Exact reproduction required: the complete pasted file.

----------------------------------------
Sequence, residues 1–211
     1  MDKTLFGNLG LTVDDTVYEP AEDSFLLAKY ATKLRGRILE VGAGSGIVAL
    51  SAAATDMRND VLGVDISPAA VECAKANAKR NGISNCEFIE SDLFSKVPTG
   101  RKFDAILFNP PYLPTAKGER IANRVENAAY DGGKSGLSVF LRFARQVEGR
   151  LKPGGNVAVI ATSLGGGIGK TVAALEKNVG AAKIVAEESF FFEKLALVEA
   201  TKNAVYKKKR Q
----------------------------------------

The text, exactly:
Sequence, residues 1–211
     1  MDKTLFGNLG LTVDDTVYEP AEDSFLLAKY ATKLRGRILE VGAGSGIVAL
    51  SAAATDMRND VLGVDISPAA VECAKANAKR NGISNCEFIE SDLFSKVPTG
   101  RKFDAILFNP PYLPTAKGER IANRVENAAY DGGKSGLSVF LRFARQVEGR
   151  LKPGGNVAVI ATSLGGGIGK TVAALEKNVG AAKIVAEESF FFEKLALVEA
   201  TKNAVYKKKR Q